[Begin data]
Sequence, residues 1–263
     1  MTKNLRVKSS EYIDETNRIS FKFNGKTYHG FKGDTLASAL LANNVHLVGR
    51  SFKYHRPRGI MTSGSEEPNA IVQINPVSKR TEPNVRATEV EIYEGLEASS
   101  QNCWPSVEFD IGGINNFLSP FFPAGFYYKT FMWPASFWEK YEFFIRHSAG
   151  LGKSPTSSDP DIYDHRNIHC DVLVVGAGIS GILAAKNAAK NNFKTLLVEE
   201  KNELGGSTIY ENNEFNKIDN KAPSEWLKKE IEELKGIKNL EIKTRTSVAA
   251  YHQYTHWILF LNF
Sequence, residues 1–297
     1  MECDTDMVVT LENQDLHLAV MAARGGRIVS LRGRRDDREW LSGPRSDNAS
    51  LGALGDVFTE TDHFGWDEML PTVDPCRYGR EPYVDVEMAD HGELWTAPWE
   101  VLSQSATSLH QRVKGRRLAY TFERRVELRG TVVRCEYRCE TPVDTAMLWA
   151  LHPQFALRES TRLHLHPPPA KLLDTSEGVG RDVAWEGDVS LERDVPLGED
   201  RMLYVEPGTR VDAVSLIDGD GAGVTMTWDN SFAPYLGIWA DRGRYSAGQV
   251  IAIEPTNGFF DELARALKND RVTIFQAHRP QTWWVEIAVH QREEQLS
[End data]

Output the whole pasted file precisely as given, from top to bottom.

Sequence, residues 1–263
     1  MTKNLRVKSS EYIDETNRIS FKFNGKTYHG FKGDTLASAL LANNVHLVGR
    51  SFKYHRPRGI MTSGSEEPNA IVQINPVSKR TEPNVRATEV EIYEGLEASS
   101  QNCWPSVEFD IGGINNFLSP FFPAGFYYKT FMWPASFWEK YEFFIRHSAG
   151  LGKSPTSSDP DIYDHRNIHC DVLVVGAGIS GILAAKNAAK NNFKTLLVEE
   201  KNELGGSTIY ENNEFNKIDN KAPSEWLKKE IEELKGIKNL EIKTRTSVAA
   251  YHQYTHWILF LNF
Sequence, residues 1–297
     1  MECDTDMVVT LENQDLHLAV MAARGGRIVS LRGRRDDREW LSGPRSDNAS
    51  LGALGDVFTE TDHFGWDEML PTVDPCRYGR EPYVDVEMAD HGELWTAPWE
   101  VLSQSATSLH QRVKGRRLAY TFERRVELRG TVVRCEYRCE TPVDTAMLWA
   151  LHPQFALRES TRLHLHPPPA KLLDTSEGVG RDVAWEGDVS LERDVPLGED
   201  RMLYVEPGTR VDAVSLIDGD GAGVTMTWDN SFAPYLGIWA DRGRYSAGQV
   251  IAIEPTNGFF DELARALKND RVTIFQAHRP QTWWVEIAVH QREEQLS